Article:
Sea level rise isn’t just a problem for coastal cities, it’s a problem for NASA. Two thirds of the space agency’s infrastructure, including the Kennedy Space Center, the Ames Research Center, and the Johnson Space Center stand between 5 and 40 feet (2 to 12 meters) above mean sea level. By the end of the century, billions of dollars of NASA assets could be underwater.
Launch Pad 39 B at NASA’s Kennedy Space Center
Global mean sea level has risen 8 inches since 1870, and the rate of rise has doubled over the past few decades. A few weeks back, a team of climate scientists announced that the Earth is probably locked into ‘at least’ three feet of sea level rise due to melting icecaps and thermal expansion of ocean water as our planet heats up. NASA, which happens to be conducting much of this important sea level rise research in-house, is naturally quite curious (and worried) about how these trends will impact spaceflight and its scientific laboratories.
The maps below, released along with a detailed NASA feature article, show the regions around NASA space centers (in red) that would be inundated by 12 inches (30 cm) of sea level rise. According to NASA, all of its coastal centers (shown on the map of the continental US below) are projected to experience at least five inches of sea level rise between now and 2050.
Projected amounts of sea level rise around coastal NASA facilities
NASA facilities across the United States
There’s a good reason that NASA built so much of its infrastructure along coastlines: It’s the safest place to launch rockets from. The US government decided long ago that it would much rather have a rocket fail over the ocean than over a densely populated metropolitan region. Seems wise.
But that well-intentioned decision has created some stark realities in the era of rapid climate change. For one, the only facility in the country that can launch crewed flights — NASA’s famed Kennedy Space Center in Florida — has found itself directly in the line of fire. Historical records and aerial photos indicate that the beach in front of Kennedy has thinned and moved inland by approximately 200 feet (60 meters) since the facility opened in 1961. Other launch centers, including the Wallops Flight Facility in coastal Virginia, have spent the last few years watching their beaches erode into the ocean in the wake of several large hurricanes.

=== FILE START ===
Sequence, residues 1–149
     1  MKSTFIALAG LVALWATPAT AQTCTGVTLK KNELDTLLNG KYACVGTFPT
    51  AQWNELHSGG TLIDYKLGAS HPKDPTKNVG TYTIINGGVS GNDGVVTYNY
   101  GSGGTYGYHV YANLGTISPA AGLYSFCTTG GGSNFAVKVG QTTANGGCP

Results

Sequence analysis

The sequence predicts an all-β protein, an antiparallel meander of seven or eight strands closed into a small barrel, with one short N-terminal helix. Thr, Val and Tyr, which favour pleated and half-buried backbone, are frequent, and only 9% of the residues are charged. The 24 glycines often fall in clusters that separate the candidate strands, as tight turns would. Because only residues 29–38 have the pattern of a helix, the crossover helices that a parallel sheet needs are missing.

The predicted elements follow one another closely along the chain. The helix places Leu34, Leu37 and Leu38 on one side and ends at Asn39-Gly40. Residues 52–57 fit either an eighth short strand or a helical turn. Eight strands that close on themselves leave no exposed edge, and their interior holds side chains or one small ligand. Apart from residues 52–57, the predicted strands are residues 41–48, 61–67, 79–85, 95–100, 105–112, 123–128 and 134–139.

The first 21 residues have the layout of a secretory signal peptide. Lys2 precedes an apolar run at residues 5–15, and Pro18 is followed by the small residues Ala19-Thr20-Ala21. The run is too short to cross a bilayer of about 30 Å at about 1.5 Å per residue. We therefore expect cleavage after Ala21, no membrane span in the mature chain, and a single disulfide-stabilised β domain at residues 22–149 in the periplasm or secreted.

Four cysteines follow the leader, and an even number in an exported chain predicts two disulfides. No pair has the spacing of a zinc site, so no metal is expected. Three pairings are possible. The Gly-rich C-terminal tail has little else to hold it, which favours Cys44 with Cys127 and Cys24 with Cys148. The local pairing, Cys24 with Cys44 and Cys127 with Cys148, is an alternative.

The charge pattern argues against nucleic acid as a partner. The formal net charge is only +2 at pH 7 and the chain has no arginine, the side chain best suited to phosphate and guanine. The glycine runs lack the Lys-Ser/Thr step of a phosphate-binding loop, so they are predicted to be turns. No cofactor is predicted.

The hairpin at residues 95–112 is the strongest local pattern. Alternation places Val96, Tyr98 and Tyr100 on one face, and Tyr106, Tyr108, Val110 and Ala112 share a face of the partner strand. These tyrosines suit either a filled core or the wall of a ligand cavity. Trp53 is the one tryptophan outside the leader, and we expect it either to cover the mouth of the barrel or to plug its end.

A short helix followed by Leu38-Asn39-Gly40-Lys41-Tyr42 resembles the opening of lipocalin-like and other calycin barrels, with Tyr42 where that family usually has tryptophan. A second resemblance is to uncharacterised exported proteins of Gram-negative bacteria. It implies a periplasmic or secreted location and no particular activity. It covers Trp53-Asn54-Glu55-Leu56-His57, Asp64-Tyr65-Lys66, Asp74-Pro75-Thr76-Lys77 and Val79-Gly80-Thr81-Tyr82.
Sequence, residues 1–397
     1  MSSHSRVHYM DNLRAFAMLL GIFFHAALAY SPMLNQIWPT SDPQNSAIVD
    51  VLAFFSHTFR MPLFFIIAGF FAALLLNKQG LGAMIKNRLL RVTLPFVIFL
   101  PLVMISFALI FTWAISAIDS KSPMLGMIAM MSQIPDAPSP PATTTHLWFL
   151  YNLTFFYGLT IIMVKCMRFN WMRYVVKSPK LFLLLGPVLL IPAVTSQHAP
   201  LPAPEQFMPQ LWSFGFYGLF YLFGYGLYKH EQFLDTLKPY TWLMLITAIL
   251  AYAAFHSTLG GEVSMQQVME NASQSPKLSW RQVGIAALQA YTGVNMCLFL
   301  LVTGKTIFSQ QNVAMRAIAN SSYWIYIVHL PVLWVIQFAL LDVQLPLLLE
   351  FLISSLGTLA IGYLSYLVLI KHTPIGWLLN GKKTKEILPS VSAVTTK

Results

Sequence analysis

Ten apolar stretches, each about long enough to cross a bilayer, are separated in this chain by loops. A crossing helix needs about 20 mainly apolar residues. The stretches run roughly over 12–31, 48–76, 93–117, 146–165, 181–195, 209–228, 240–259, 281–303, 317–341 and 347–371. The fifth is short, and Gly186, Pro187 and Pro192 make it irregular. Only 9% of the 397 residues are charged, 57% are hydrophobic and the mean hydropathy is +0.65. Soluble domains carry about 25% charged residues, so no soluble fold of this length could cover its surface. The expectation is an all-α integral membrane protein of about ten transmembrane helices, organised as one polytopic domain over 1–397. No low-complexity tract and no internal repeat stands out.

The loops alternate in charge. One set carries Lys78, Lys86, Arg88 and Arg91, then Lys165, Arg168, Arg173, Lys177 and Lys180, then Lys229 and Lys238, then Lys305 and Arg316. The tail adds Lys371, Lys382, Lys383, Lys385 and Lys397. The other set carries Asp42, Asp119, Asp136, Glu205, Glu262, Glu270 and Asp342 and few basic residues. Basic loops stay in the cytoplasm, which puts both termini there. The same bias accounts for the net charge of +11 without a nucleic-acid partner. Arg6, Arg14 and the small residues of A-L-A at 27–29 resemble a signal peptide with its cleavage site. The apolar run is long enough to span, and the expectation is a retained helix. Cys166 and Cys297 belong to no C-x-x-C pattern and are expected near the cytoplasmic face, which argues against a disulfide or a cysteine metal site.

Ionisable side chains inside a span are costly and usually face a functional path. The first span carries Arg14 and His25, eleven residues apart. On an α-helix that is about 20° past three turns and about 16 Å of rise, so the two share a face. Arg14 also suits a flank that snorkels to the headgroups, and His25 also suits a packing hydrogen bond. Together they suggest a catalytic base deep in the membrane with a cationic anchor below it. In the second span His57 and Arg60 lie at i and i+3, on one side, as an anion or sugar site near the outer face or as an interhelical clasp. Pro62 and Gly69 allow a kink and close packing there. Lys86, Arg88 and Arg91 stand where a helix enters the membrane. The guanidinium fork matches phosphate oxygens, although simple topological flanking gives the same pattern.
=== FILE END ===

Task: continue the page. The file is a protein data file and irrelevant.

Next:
Aerial view of the Kennedy Space Center and adjacent launch facilities using Landsat data from the U.S. Geological Survey
Of course, NASA doesn’t just plan to sit by as precious and one-of-a-kind facilities go underwater. The space agency’s Climate Adaptation Science Investigators Working Group is busy translating international climate reports, such as those published by the IPCC, into regional-scale projections and advice for individual NASA facilities. Moving forward, NASA scientists and managers will redouble their efforts to work with city and state officials to fortify coastlines. In some places, the answer will be smarter buildings, in others, retrofitting and hardening old infrastructure. Launch facilities that must remain shoreside will need to start accounting for costly beach replenishment and seawall repair as part of their routine maintenance.
But if the worst-case sea level rise scenarios come to pass, NASA scientists— like many other coastal populations— may simply have to accept the inevitable, pack their bags and move inland.
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Images via NASA Earth Observatory